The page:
I've always been surprised when I see a dancer with a cigarette, because of the effect on lung capacity. I think there is a difference in America, as Mel noted, because there has been such a concerted anti-smoking campaign here, and because of laws that make it a hassle to smoke.

I have two anecdotes from the '60s and '70s, though, that bring in another angle -- stress control. I read an interview once with Peter Schaufuss who said that when he met Bruhn and Nureyev, as a young dancer, they told him he'd have to either smoke or drink to relieve the stress if he went on the super star circuit. And when I was doing the interviews for my book, I did an interview with Antoinette Sibley and I love one of the things she said, and it didn't fit in the book, so I'll put it here. She was talking about the social atmosphere among dancers in the 1960s and said, "You either smoked or you drank. I did both." :cool:

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Trivia from 1953: I recall an exchange between Cyd Charisse and Fred Astaire in The Band Wagon. She's The Ballerina, he's the Hoofer, and during their get-acquainted meeting Astaire lights up, and Charisse tells him she doesn’t think dancers should smoke.

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I think Antony meant "contentious" in the sense that while everyone agrees smoking is bad for you, there's often been controversy about how far to go in outlawing the practice, incidents of outright public rudeness to smokers, the effects of secondhand smoke, that kind of thing.

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i certainly do recall seeing old film, early videotape, and B/W photos of dancers and/or staff smoking during rehearsals - "to pass the time" - and i do recall teachers smoking in class, when i was a child - but, in australia at least, i THINK (hope?) that would be unimaginable now.

heavens, i DO even know dance teachers and ballet examiners who smoke, even now, but i feel sure they would not only NOT do it while working, but also would make at least a minimal attempt to not be seen by their students 'doing it'...

also, as someone has pointed out above about the US, in most public venues in australia, there are prohibitions on smoking - which just means that people go outside to do it.

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I'd say that in the US, local laws and ordinances have been less effective in curbing smoking indoors, but building owners have been more effective by declaring "no smoking" in their buildings because of higher insurance rates for buildings allowing smoking. Higher insurance premiums get passed on to the renters in the form of higher rents. This from serving on several boards, building committees and vestries.

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Going back to an earlier point in the discussion:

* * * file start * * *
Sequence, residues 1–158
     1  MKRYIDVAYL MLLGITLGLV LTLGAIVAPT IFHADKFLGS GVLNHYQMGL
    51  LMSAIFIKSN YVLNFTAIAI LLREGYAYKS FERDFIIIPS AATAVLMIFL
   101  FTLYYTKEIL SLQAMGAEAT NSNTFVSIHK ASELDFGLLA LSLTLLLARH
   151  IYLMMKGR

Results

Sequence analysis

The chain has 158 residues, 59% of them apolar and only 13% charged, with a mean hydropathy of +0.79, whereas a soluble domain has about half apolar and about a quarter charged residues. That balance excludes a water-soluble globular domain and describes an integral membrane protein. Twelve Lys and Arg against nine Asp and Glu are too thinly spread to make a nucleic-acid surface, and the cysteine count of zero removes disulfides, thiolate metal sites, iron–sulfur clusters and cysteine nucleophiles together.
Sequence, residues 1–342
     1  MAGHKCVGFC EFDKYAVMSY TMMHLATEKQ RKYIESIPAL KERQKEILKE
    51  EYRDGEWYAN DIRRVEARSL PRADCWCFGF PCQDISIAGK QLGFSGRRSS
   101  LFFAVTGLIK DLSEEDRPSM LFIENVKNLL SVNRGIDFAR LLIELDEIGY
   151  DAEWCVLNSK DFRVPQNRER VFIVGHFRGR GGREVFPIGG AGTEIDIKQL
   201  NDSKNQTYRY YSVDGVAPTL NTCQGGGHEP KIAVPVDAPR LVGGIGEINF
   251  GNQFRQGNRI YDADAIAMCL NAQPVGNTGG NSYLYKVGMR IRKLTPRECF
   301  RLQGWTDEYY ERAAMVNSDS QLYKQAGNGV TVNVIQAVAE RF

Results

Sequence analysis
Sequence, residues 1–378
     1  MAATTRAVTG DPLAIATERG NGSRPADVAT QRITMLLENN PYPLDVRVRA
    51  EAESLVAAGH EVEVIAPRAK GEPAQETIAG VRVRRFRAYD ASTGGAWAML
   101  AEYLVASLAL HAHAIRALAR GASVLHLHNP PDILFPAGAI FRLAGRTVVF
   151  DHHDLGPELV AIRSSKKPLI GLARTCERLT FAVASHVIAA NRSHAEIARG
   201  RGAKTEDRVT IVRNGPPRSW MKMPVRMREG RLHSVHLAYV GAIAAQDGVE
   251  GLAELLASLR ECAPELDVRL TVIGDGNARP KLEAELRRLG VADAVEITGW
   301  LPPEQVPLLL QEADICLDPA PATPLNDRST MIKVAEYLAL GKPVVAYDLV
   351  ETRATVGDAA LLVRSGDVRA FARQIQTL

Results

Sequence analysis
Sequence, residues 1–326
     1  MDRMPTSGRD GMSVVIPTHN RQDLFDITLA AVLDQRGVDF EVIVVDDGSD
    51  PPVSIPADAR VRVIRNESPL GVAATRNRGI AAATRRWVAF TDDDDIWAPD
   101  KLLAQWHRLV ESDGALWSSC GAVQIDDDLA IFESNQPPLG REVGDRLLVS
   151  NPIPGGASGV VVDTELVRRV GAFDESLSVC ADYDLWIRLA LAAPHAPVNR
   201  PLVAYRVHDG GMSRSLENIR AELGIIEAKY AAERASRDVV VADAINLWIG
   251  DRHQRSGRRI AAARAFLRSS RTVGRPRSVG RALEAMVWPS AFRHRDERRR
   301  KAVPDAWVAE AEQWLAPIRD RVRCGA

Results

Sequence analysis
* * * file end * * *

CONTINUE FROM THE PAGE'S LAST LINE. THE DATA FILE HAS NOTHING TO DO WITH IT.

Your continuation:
Alexandra wrote:

"I've always been surprised when I see a dancer with a cigarette, because of the effect on lung capacity."

When my daughter was at Idyllwild Arts Academy, 6,000 feet up in the San Jacinto mountains of Southern California, we were shocked that any of the dancers smoked. I had enough trouble just walking around in the thin atmosphere, let alone dancing. The thought of someone smoking, and then dancing, up there was amazing to me. Yet, every year, someone would be suspended for smoking, or sent to counselling to help them stop smoking.

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Originally posted by citibob

Hey, I don't know why smoking is considered a contentious issue (it is elsewhere also).

I guess I'm more than a little wary of upsetting people here who smoke (which would be just about everyone, if the anecdotes were true! :eek: ). I've been surprised in the past by how heated people can get in defence of the habit - I wouldn't have cared so much, except that they were also good friends (and still are. Doesn't change my opinion of smoking, though.)

An issue that doesn't square up for me is the one Alexandra touched on, in mentioning lung capacity. I always see dancers as striving, via any means possible, for the pinnacle of fitness and health - more than any other group. But if smoking has as much of an impact on one's lungs as we're led to believe, then a cigarette would be more of a no-no than having a bag of lard-filled donuts with extra cream for every meal.

I guess I can sort of understand why some doctors smoke - like everything else, we all know it carries long-term risks that you can weigh up with some accuracy, as for driving a car. But in this case, I'd have thought that the more subtle effects (such as loss of lung capacity) would simply make it impractical for a professional dancer to smoke regularly.


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I guess I will jump in here after all. :)

All of my career as a dancer was spent in Europe, and many of the dancers smoked; including, for some years, myself...stupid of me, I know.

Not all dancers smoked; but many.

There was not the publicity here that there was in the US during the late 60s and the 70s against smoking, and it shows.

(As I left the US in the early 70s, never to return, I do not know if this campaign continued or not; I imagine it did...)

As to lung-compacity: while I was dancing and smoking, I actually did not consciously notice that my lungs were compromised.

Only when I stopped did I notice a difference.

Ballet is not exactly an aerobic activity; and short-term power was possible even with compromised lung capacity.

However, jogging became much easier when I stopped.

Now I am practically an anti-smoking fanatic.

One of my daughters is allergic to cigarette smoke and gets asthma attacks if too near to someone who is smoking.

It is sheer impossible to avoid second-hand smoke here.

It is nearly everywhere.

In the ballet schools many teachers smoke, though not in the studios.